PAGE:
• Correct.

    When the masses prefer the homogenous, anything with individuality is at risk.

    Clayfilms and I had a good discussion on this subject as it related to the threat CT Muffin poses to the Carib Bakeries on Nostrand. It is a pretty good read: http://www.brooklynian.com/forums/topic/connecticut-muffin-coming-to-nostrand-ave


  • This is a good discussion. As for what stores open, we have little control but as far as what stores survive, we have a great deal of control. It is the ultimate democracy and it is free of racism as I understand it. Simply stated, we vote with our dollars. Give the store your money and they stay. Do not give the store your money and eventually, they go.

    As for me, i would never go to a Target if I could go to a mom and pop store for the same things. I would even pay a bit more if i had to but passing up a mom and pop to go to Target makes me cringe.

    Vote with your dollars and see the results.


  • homeowner said:

    But, its not just that. Its some of the issues that come to mind from the "What should go on Washington Avenue thread". Why does EVERY neighborhood need a bagel shop, a craft beer place, a bookstore, a children's clothing store and no one need a roti shop, a beauty supply store, or a McDonalds.

    At its core, its because the people who prefer the former don't use the latter. And certainly some of it is racial, but its more than that. Its the people who wish that Franklin looked like Smith Street or Bedford Avenue in Williamsburg, or 5th Avenue in Park Slope, and not from the perspective of every storefront filled, but rather that every place should look like every other place.

    Its the sense that not being able to afford to live in Park Slope means that you need to remake where you live into a clone of Park Slope (pretty much guaranteeing that you won't be able to afford to live there eventually).

    And yes, changes in immigration are affecting ethnic enclaves, and changes in economics and globalization are affecting local communities, but underlying all of that is a feeling that I have that the unique nature of neigborhoods and the melding of culture that made NYC such a special place to live and grow up is being replaced by a sense that there is a particular class/cultural outlook that is acceptable and everything else is unimportant or not valid.


    I would want a neighborhood to have all of the things you mentioned and more as those stores seem to fill the needs of so many of the "average" people in terms of the demands they have for goods and service.

    My favorite stretch of Franklin Avenue, from President Street to Park Place, if I could design it just for me, would have coffee shops (3), places for pizza (2 at a minimum) a food shop with meat and fish, a great pub/restaurant, a place to get great pastrami, 2 bodegas, a clothing store for some basics, a candy store, a bagel shop, a pharmacy, 5 or 6 very diverse restaurants a bookstore that was used books only and a place for ice cream.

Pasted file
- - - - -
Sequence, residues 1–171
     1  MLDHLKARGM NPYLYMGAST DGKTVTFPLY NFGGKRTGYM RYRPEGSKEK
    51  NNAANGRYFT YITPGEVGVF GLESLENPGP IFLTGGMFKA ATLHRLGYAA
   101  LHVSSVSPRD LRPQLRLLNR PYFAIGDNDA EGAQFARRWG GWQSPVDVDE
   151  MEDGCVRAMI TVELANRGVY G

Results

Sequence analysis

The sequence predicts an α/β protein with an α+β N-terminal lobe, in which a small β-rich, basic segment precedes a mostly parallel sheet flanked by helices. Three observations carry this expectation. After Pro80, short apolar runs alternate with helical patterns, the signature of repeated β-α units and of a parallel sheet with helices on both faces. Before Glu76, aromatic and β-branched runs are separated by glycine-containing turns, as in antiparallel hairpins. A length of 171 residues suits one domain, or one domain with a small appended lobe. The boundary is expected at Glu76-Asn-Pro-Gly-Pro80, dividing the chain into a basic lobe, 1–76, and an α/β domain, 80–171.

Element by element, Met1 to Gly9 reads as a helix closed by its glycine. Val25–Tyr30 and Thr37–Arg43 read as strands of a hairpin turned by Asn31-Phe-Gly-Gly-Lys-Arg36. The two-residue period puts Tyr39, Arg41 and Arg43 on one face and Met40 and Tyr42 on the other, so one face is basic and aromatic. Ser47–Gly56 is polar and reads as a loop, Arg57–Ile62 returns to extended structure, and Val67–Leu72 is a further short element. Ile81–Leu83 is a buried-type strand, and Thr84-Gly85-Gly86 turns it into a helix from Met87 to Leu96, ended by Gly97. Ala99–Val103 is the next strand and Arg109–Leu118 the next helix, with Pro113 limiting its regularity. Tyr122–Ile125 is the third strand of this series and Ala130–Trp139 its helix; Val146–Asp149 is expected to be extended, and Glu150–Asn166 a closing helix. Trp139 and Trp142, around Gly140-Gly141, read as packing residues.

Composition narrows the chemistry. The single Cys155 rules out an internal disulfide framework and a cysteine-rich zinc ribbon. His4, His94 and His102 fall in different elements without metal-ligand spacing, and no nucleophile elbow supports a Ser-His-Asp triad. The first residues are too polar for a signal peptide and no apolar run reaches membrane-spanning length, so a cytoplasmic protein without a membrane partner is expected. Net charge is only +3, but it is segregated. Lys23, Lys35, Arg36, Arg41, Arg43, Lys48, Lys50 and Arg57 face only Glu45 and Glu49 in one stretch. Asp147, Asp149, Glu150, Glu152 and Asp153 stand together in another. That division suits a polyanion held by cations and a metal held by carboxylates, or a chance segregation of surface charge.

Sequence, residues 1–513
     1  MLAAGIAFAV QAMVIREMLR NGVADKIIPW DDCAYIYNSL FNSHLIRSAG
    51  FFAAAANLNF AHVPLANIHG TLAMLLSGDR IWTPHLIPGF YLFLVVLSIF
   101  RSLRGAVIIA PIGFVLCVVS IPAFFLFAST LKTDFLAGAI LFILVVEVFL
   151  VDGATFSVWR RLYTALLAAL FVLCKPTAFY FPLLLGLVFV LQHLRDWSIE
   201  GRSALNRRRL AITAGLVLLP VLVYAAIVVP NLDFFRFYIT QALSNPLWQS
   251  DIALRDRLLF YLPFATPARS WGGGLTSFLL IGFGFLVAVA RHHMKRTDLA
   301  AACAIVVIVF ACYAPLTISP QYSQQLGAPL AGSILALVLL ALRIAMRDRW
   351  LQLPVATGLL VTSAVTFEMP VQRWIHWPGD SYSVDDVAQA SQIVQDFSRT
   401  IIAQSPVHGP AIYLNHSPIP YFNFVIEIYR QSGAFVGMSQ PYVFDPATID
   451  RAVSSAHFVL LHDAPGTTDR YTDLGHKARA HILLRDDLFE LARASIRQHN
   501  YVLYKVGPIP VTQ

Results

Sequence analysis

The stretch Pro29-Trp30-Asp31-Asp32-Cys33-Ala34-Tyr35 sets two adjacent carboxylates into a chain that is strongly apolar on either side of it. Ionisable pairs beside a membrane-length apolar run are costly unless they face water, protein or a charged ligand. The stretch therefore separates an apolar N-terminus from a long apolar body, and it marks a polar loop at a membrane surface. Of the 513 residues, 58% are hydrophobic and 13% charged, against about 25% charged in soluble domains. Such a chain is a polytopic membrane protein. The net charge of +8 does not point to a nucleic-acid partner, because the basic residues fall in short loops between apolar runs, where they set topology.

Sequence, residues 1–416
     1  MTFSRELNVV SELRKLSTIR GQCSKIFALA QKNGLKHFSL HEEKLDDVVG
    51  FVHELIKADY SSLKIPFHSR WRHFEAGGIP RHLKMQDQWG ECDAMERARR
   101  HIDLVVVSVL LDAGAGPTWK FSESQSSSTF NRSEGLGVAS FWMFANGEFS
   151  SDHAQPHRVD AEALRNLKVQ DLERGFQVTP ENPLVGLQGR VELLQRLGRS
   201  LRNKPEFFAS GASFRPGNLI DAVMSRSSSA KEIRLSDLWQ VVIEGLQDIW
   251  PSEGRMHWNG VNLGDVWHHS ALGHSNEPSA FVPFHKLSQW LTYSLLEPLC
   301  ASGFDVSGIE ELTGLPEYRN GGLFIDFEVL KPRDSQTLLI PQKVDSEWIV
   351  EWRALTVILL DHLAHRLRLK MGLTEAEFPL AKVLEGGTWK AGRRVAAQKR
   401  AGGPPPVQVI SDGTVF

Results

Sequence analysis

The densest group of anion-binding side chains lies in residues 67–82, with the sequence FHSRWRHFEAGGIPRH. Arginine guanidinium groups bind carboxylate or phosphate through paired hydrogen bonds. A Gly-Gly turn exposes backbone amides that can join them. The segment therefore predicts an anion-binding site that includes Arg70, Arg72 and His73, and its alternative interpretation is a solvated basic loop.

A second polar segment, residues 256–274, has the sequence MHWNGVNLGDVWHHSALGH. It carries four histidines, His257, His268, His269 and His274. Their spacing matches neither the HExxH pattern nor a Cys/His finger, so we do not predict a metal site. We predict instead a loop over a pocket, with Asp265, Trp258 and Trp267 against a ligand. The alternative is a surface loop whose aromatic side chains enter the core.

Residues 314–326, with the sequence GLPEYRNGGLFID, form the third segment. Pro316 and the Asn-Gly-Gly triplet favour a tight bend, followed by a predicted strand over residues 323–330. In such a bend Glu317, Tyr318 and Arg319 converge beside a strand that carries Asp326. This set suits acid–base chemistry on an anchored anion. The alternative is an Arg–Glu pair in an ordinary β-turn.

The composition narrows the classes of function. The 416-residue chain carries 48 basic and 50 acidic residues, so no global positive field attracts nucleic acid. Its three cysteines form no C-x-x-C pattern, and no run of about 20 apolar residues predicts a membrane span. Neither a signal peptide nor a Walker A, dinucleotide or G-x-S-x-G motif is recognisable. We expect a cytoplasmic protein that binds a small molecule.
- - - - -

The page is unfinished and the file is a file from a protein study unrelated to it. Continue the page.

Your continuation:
It is late and I am tired so I wonder what I am missing. As an aside, I would be thrilled if each of these stores was a mom and pop store. I am also thinking that to turn Franklin Avenue into a main drag type of a street lie those in Park Slope would be sad.

    A 99 cent store would be good because it is so very valuable in so many ways. What did I miss? Ohhhh, 2 or 3 places for breakfast. Nothing fancy or cute; just great eggs and bacon and strong coffee to start off a Saturday.

    One last thought. I like the occasional Starbucks but I like it in someone else's neighborhood as I pass though, not in my neighborhood.

    How did I do? Can I come back now? Apartments on Park Place available?


  • I think posters are getting at two things:

    1. Whether you are a business or a resident, you end up being affected by (and/or furthering) changes in the neighborhood largely against your will, and without your consent.

    2. People often act in ways to create and further "sameness", whether they realize it or not, and whether they like it or not.

    1 and 2 seem to bother some people more than others. Some people aren't bothered at all; They just accept them as facts of life.


  • Bump.

    Readers may not be aware, but Franklin Avenue and the surrounding area have already reached the level that they are no longer within the the reach of new, start-up businesses.

    Most of the businesses that have opened up over the last 2 years have other locations, and substansial capital to invest in renovating the spaces.

    As this process continues, franchises are the next step. As with prior phases of the process, it will not be within the control of individuals.

    The change will be governed primarily by market forces, and restricted "only" by things like the zoning code ...not things like whether individuals or groups want them.


  • The laws of hipster cool dictate that once a place gets a Starbucks it has officially sold out. Of course no hipster will recognize the laws of hipster cool since there are no hipsters.

    In all seriousness Franklin getting a Starbucks would royally suck. But whynot is yet again correct it's up to market forces not us.

    P.S. I am not a hipster.


  • Hey Newguy, im not a starbucks supporter at all but why would it royally suck?

    I feel like the Starbucks franchise to some is the equivalent to the new, hip bars and restaurants along Franklin to people who've been here a long time. Change is constant.


  • I'd like to dismiss the concept of "selling out", because it seems to imply that there was a common ethos that the neighborhood used to have, but now doesn't.

    For example, we didn't all not want "upscale" franchises like Starbucks in the past. We don't all want them now, and we won't all want them in the future.